Work in Progress

<em>Work in Progress</em> (2021-2) Work in Progress (2021-2), NPG 7145

Work in Progress (2021-2) is a major commission co-created by pop artist and soft sculpture pioneer Jann Haworth (b.1942) and collage artist Liberty Blake (b.1968) as part of the National Portrait Gallery’s Reframing Narratives: Women in Portraiture project, with kind support from the CHANEL Culture Fund. The 8 x 28 feet, seven-panel mural, produced in collaboration with individuals and communities from across the UK and in the US, showcases 130 inspiring historical and contemporary women, both prominent and lesser known, who have made significant contributions to British history and culture in varying fields of endeavour and at different times.

Inspired by Haworth and Blake’s ongoing international mural project of the same name, begun in 2016 in Salt Lake City in Utah where they are both based, this new work looks to the depths of the National Portrait Gallery’s vast Collection and beyond to shine a light on the breadth of frequently overlooked or marginalised female achievement. Each woman depicted bears their own story from the ancient warrior queen Boudicca to the computer pioneer Ada Lovelace, and wheelchair racer Tanni Grey-Thompson, Baroness Grey-Thompson, among many others. Blake reflects on the impact of bringing together these diverse women:

The idea that Elizabeth I might stand shoulder to shoulder with Lady Caroline Norton in a crowd is amusing and invokes curiosity, and helps people learn more about the contributions of some of the women who have played a part in shaping the world that we live in.

While this pantheon of women includes 26 trailblazers previously unrepresented in the Gallery’s Collection, such as the Pre-Raphaelite artists’ model Fanny Eaton, vocal suffragette Princess Sophia Duleep Singh, painter and writer Ling Shuhua, footballer Lily Parr, and nurse Dame Elizabeth Anionwu, it also recognises that many more exist who are equally deserving of wider attention and recognition. As Haworth indicates:

How can you celebrate the accomplishments made by women when you know that the more that you look the more that you discover and that you will have to answer this question: Why isn't 'X' on this mural?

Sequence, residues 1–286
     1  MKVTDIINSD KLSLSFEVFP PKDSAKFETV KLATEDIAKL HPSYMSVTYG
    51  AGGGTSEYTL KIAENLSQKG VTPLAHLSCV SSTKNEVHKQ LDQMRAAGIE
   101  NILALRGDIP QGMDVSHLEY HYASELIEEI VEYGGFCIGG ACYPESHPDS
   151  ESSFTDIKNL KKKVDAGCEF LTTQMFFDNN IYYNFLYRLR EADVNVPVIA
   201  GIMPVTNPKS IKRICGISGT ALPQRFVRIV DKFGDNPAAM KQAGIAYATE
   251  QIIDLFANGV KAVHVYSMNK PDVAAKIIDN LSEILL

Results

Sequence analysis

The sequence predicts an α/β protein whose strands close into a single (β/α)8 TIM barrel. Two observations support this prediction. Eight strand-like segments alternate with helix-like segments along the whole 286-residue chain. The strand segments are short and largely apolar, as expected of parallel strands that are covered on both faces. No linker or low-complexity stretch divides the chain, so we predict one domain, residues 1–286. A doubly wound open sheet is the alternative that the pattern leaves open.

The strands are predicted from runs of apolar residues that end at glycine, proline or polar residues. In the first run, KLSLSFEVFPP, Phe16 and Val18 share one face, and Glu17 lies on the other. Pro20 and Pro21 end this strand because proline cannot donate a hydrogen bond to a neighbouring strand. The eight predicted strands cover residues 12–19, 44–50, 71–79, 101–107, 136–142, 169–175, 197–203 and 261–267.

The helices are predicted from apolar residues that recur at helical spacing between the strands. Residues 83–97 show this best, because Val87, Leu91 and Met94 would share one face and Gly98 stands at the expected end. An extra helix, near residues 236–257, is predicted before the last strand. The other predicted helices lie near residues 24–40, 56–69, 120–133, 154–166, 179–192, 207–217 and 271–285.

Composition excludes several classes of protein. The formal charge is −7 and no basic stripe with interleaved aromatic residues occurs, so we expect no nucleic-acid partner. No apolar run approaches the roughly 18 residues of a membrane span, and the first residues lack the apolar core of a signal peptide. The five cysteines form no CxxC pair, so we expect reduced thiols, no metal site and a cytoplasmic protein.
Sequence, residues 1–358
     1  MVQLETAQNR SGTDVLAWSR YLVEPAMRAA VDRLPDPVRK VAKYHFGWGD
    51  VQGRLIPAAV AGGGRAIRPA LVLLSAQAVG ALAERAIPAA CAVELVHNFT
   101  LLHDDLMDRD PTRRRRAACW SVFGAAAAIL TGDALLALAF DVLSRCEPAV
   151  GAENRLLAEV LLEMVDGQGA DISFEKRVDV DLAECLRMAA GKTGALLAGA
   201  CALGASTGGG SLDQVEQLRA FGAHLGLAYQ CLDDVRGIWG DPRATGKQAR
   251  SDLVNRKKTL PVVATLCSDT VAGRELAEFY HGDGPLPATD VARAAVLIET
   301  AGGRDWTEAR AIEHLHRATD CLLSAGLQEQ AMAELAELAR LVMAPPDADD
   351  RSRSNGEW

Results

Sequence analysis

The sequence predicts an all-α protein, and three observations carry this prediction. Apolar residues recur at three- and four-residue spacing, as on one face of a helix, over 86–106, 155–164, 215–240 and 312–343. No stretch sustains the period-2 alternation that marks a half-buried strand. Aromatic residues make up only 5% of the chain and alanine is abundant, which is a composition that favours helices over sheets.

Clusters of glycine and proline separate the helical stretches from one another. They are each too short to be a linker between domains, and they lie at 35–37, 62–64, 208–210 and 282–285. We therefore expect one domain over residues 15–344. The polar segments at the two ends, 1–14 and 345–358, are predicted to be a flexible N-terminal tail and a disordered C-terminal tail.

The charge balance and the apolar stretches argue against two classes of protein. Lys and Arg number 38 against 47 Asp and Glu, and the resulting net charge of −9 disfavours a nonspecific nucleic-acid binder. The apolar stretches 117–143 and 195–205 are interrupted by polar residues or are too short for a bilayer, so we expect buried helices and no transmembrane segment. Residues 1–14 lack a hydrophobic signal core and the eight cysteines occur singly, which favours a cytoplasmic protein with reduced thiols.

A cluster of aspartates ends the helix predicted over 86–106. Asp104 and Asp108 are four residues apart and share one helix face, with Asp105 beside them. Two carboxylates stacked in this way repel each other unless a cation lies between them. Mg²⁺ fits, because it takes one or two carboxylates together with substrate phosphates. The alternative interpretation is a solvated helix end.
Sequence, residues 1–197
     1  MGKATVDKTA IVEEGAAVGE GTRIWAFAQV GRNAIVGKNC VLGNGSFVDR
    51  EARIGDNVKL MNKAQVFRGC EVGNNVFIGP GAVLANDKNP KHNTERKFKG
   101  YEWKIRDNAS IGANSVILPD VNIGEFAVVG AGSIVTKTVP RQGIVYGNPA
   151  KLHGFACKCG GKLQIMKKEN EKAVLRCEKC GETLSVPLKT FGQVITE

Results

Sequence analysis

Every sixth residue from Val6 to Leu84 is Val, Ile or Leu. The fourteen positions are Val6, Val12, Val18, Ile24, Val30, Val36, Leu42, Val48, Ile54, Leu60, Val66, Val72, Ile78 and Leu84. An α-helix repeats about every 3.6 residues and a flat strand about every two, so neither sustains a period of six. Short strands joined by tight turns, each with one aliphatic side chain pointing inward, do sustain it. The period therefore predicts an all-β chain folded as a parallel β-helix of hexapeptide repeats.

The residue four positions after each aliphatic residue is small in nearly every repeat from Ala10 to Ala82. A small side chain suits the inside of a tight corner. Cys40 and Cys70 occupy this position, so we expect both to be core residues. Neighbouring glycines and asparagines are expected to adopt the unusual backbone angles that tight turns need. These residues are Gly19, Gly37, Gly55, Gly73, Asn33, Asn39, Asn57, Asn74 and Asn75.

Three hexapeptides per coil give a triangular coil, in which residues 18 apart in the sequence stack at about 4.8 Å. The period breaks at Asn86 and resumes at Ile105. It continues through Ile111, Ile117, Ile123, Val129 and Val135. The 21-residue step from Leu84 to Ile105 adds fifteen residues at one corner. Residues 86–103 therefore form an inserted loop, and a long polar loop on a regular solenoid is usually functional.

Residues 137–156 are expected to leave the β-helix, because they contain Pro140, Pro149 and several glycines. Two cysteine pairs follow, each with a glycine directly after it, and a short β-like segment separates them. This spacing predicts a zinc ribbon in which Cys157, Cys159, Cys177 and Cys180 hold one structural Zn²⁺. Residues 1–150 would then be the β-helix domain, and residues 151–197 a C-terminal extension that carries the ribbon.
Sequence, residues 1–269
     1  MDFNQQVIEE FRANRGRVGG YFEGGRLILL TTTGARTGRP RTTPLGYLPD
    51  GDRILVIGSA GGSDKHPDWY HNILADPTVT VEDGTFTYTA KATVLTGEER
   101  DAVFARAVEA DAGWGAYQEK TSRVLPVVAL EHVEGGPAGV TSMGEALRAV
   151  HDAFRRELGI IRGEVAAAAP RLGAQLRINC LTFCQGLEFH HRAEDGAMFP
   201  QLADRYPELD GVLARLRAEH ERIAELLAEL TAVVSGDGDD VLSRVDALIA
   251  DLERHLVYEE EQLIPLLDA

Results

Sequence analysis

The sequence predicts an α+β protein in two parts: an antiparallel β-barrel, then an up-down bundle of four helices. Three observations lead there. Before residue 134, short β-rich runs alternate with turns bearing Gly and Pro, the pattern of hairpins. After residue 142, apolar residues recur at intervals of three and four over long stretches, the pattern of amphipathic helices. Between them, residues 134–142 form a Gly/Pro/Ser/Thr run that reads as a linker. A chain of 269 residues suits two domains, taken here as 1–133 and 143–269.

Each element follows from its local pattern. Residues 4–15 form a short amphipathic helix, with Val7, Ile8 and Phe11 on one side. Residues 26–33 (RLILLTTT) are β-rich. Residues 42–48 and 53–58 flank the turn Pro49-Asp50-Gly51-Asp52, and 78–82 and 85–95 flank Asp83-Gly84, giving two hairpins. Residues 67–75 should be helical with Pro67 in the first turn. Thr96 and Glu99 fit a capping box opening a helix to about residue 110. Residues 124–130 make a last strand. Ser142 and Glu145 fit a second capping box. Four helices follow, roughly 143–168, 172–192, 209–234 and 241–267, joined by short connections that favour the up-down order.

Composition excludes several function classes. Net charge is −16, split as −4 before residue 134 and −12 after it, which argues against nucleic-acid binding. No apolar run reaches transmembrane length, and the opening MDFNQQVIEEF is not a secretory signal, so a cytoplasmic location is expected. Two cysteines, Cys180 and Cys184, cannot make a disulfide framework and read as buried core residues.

Both the mural’s title and the silhouette of an unnamed woman among the figures (panel 7, figure 119) attempt to address this question and acknowledge the unending task of foregrounding female achievement.

How was it made?

Each of the portraits was produced during a series of workshops where the artists guided participants through the process of stencilling portraits using acrylic paints and paper, based on existing depictions of their chosen subjects. Haworth always intended the process to be one that was accessible and inclusive, in that it ‘could be taught to non-artists to enable them to do perhaps the most difficult of art tasks: The Portrait’.

Following a trial workshop, further workshops were held during the National Portrait Gallery’s closure for its Inspiring People refurbishment project, with the National Portrait Gallery’s Youth Forum; and at The Courtauld Institute of Art, London; Murray Edwards College, Cambridge; with members of the Community Programme at Pallant House Gallery, Chichester; and members of the Pathways to Wellbeing programme at The Holburne Museum, Bath. An additional fourteen professional artists from the UK and US were also invited to create full-length portraits for the mural’s front row. When completed, Blake assembled and collaged the portraits on to the multiple panels to create the finished mural, which forms a vibrant, visual celebration of female achievement that encompasses the diverse styles and aesthetic choices of its varied contributors.


Who were the contributors?

Collaboration is key to the Work in Progress mural. Haworth points out that ‘the sheer size means you have to have help’ and that ‘‘Who Dunnit?’ is at the centre point of the National Portrait Gallery’s Work in Progress mural, both literally and thematically. You will see it ‘in print’ on Agatha Christie’s newspaper by David Atkinson’ (panel 4, figure 74).

To find out more about the women represented and the participants who chose to stencil them, along with their reasons for doing so, click on the options below:

Work in Progress
is on display in our History Makers Now gallery (Room 33), on Floor 0.

Part of Reframing Narratives: Women in Portraiture

Kindly supported by:

Chanel Culture Fund logo